We are hard pressed to find the “new issue” that Meinders raised in his opposition brief on which the district court premised its “exceptional circumstances” determination. The only issues that Meinders' opposition brief raised were that United was not a signatory to the Provider Agreement and that United's ownership theory did not authorize it, as a non-signatory, to enforce the agreement's arbitration provision. At any rate, once the district court permitted United to file its reply brief, the court should have granted Meinders leave to file a sur-reply responding to United's novel assumption theory and Van Ham's declaration. Due process, we have cautioned, requires that a plaintiff be given an opportunity to respond to an argument or evidence raised as a basis to dismiss his or her claims. See, e.g., Smith v. Bray, 681 F.3d 888, 903 (7th Cir.2012) (“[D]istrict courts need to ensure that they do not base their decisions on issues raised in such a manner that the losing party never had a real chance to respond.”); English v. Cowell, 10 F.3d 434, 437 (7th Cir.1993) (“The opportunity to respond is deeply imbedded in our concept of fair play and substantial justice.”). When strict adherence to local rules, such as S.D. Ill. L.R. 7.1(c)'s proscription on sur-reply briefs, threatens to deprive a litigant of the opportunity to respond, the local rules must give way to considerations of due process and fundamental fairness. Accordingly, we hold that the district court deprived Meinders due process by entering judgment against him on law and facts to which he did not have a full and fair opportunity to respond.
As for the merits, both parties acknowledge that the contractual theory of assumption is one through which a nonsignatory to an arbitration agreement can enforce the agreement. The parties disagree, however, as to whether such an assumption occurred here. All we have in the record on this point is Van Ham's vague declaration stating, “United has assumed important obligations under the Provider Agreement, such as [ACN Group's] obligation to coordinate and transmit payments to providers such as the plaintiff in this lawsuit.” Meinders raises a host of questions on appeal regarding Van Ham's declaration, many of which seek to determine whether United has indeed assumed ACN Group's obligations under the Provider Agreement and, if so, to what extent. He also seeks to submit testimony in response to Van Ham's declaration. Rather than decide the merits on the basis of Van Ham's bare-bones declaration, we think the more prudent course is to allow Meinders to contest Van Ham's declaration and delineate the metes and bounds of United's assumption. Accordingly, we remand to the district court where these factual issues may be more appropriately addressed in the first instance. On remand, the district court should permit discovery to the extent necessary to allow Meinders to submit a full response to Van Ham's declaration and United's assumption theory. Beyond that, we trust the district court to handle the proceedings as it sees fit.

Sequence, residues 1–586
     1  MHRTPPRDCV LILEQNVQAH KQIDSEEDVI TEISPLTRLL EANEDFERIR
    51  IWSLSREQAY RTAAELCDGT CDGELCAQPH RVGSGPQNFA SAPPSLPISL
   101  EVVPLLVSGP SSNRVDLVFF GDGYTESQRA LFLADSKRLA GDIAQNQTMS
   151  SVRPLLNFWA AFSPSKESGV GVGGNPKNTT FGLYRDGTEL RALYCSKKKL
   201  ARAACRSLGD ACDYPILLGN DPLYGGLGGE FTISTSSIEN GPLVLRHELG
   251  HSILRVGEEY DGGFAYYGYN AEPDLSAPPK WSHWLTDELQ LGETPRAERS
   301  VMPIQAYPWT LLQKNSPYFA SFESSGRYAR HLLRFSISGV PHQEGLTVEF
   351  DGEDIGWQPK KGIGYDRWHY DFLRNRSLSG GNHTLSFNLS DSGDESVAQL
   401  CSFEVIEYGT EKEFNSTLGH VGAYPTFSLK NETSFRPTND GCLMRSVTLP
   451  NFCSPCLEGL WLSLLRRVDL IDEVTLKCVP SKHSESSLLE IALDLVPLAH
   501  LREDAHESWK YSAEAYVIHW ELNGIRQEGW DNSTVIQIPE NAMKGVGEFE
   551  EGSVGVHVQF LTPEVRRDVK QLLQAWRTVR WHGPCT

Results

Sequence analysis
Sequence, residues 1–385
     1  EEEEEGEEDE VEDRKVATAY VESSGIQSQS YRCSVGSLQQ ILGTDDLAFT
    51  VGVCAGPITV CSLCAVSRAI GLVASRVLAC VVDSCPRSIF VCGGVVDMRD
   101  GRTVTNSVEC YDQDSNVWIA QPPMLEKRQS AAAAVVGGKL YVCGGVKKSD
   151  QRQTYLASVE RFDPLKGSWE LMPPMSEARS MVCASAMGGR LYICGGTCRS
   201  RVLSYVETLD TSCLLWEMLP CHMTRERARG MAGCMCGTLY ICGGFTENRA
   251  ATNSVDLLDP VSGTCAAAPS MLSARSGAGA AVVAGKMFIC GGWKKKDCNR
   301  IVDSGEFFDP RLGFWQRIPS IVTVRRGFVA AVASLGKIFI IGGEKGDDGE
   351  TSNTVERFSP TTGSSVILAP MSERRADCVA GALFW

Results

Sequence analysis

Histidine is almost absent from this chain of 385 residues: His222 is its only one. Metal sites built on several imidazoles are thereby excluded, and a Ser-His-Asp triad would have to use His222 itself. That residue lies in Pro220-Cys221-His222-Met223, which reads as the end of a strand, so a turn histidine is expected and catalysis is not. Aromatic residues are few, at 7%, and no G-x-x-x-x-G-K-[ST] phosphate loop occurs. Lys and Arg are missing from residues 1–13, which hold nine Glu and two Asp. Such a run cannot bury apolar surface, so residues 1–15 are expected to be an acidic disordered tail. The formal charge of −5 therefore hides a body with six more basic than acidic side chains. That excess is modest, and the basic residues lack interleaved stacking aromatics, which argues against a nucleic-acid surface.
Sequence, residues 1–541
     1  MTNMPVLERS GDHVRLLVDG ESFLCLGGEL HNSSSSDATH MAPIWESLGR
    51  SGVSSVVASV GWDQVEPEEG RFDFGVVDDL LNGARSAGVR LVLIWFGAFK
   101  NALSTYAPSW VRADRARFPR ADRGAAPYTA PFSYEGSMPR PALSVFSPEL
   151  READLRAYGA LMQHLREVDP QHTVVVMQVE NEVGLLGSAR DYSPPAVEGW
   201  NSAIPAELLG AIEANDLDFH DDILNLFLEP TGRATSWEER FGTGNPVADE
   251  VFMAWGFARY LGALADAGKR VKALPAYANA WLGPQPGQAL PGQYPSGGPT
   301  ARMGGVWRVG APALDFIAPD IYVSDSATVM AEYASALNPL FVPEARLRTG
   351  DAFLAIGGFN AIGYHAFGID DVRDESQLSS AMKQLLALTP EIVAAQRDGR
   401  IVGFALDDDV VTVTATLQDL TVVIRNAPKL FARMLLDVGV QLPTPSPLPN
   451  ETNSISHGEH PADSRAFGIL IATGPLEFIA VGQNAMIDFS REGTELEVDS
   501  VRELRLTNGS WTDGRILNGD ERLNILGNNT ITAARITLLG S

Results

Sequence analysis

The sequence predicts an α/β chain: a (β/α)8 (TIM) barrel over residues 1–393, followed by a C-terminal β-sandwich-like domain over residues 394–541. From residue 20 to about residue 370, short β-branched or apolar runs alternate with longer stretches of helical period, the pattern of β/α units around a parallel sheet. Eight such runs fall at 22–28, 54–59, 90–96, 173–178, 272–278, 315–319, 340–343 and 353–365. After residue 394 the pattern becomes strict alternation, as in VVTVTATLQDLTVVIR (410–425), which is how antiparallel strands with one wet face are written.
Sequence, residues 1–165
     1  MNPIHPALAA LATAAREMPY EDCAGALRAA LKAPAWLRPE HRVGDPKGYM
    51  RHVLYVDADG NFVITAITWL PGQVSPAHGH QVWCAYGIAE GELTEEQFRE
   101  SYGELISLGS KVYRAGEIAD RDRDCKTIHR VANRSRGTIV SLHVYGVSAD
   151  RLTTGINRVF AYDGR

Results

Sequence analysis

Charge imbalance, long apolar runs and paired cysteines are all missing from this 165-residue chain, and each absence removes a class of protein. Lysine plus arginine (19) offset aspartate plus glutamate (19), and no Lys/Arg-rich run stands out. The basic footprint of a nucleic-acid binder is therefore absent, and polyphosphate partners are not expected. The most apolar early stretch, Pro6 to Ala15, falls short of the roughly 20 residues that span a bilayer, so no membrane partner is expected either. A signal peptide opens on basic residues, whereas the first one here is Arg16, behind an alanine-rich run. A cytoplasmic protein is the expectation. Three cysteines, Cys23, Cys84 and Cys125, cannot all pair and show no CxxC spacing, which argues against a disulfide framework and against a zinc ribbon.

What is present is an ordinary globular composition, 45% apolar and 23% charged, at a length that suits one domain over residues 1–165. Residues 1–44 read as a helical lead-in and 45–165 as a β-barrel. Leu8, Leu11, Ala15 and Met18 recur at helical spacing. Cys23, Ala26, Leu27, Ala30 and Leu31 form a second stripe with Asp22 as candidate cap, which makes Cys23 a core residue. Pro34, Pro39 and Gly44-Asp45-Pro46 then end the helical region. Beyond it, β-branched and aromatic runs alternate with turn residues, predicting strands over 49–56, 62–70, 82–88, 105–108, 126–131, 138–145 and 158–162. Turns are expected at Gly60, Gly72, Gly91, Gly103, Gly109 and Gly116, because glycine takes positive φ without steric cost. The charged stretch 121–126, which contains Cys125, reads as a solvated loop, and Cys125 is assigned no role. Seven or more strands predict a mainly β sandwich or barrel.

For the aforementioned reasons, we REVERSE the district court's dismissal order and REMAND the case for further proceedings consistent with this opinion.
1. Because the arbitration clause in this case calls for arbitration outside the Southern District of Illinois, Rule 12(b)(3) is the appropriate vehicle for seeking dismissal of Meinders' suit. Faulkenberg v. CB Tax Franchise Sys., LP, 637 F.3d 801, 808 (7th Cir.2011) (“[W]e have held that a Rule 12(b)(3) motion to dismiss for improper venue, rather than a motion to stay or compel arbitration, is the proper procedure to use when the arbitration clause requires arbitration outside the confines of the district court's district.”).
BAUER, Circuit Judge.